Glide Magazine: John Mellencamp Brings The Heartland To Rollicking NYC Set At The Beacon

Glide Magazine
During a quiet moment in the middle of his set at the Beacon Theatre on February 25th, John Mellencamp recounted the tale of visiting his grandmother, who was bedridden and nearing the end of her life. After making a “smart-alecky” comment about “more sinning” that he had to do on this earth, the two looked at each other. Mellencamp recalled that her visage suddenly appeared much younger, and she remarked that “life is short, even in its longest days.”

With an acoustic guitar slung over his shoulder, Mellencamp launched into one of the most resonant moments of the show with a wistful take on “Longest Days.” The Indiana rocker then followed up with an acoustic rendition of his massive hit “Jack & Diane.” The sold-out crowd jumped from their seats, belting out the chorus in a massive singalong that roared through all three levels of the Beacon Theatre. This two-song sequence showcased Mellencamp’s still-considerable vocal range, from hushed ballads to raucous crowd-pleasers.

Aptly named “The John Mellencamp Show,” the show kicked off with a mini-documentary about Mellencamp’s career, including his highs and lows. And the gig traversed most of Mellencamp’s career, sonically and lyrically.

There were rollicking, bluesy rockers like the opening track “Lawless Times”, “Rain on the Scarecrow” and “Stones in My Passway,” complete with its skittering guitar riff. There were folksy, country hits like “Small Town” and “Paper in Fire.” And of course, there were good old-fashioned rock ‘n’ roll jams like “Authority Song” and “Minutes to Memories.”

The spirit of socially conscious, heartland rock also pulsed throughout the set, with the vocal harmonies of his backing band powering up “Lawless Times” and “We Are the People.” When his 2017 single “Easy Target” came up, Mellencamp brought his political message to the present, calling for equal pay for women, a living wage and a community of respect. “When the walls come tumblin’ down” (on “Crumblin’ Down”) felt like another incisive comment on the current political climate, even over three decades after the single’s release.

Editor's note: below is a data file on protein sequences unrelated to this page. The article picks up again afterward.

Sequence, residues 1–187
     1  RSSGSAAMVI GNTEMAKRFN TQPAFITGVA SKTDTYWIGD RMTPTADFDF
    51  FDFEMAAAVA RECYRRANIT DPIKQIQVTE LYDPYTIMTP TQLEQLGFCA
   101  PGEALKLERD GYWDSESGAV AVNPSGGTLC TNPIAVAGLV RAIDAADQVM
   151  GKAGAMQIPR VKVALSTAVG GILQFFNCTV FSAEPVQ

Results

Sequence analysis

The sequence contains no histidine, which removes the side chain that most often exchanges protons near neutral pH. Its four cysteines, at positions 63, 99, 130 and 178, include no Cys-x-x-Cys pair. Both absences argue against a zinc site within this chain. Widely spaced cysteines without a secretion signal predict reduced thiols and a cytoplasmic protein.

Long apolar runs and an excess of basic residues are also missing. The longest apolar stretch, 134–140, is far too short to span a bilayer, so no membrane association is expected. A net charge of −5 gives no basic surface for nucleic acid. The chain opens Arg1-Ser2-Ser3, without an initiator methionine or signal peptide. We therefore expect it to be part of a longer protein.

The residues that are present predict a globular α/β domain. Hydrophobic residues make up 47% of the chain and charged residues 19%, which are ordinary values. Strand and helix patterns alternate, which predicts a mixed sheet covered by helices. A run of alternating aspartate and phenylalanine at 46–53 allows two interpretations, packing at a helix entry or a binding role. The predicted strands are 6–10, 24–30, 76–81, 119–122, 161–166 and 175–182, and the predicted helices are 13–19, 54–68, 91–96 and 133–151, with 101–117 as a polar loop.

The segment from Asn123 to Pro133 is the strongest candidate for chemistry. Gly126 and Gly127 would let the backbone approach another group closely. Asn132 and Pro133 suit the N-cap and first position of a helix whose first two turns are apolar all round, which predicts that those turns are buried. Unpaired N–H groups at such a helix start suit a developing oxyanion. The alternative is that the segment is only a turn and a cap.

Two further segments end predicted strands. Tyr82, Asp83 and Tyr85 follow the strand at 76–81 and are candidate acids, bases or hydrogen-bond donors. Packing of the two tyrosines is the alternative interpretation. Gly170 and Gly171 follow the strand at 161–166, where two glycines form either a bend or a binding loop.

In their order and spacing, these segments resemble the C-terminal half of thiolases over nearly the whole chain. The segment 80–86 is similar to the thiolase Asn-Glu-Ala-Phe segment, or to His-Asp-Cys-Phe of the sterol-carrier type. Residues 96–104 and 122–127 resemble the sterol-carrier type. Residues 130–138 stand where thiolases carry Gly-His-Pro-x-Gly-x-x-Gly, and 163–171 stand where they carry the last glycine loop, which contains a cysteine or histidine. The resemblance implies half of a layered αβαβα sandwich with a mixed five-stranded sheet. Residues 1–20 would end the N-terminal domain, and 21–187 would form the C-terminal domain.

Just because the tour was titled “The John Mellencamp Show” didn’t mean the frontman wouldn’t shine a spotlight on his backing band, though. Violinist Miriam Sturm was a dynamic presence throughout the set, leading the spirited instrumental interlude “Overture” (along with Troye Kinnett on accordion) and adding a somber timbre to “Easy Target.” Drummer Dane Clark unleashed a rocking solo on “Crumblin’ Down.” Mellencamp even recounted a brush with the law he and longtime guitarist Mike Wanchic had after a night at the famous former NYC venue Max’s Kansas City, much to the amusement of the crowd.

The nostalgic “Cherry Bomb” proved a fitting track toward the end of the set, taking a warm look back to the past while tracing a line to the present. Whether young or old, the audience gave an enthusiastic standing ovation as Mellencamp rolled through a little call-and-response based on Louis Armstrong’s “Long Gone (From Bowlin’ Green).” It seemed that the cheers from the fans might coax the band back onstage for a traditional encore, but the house lights flickered to life — and oh yeah, life goes on.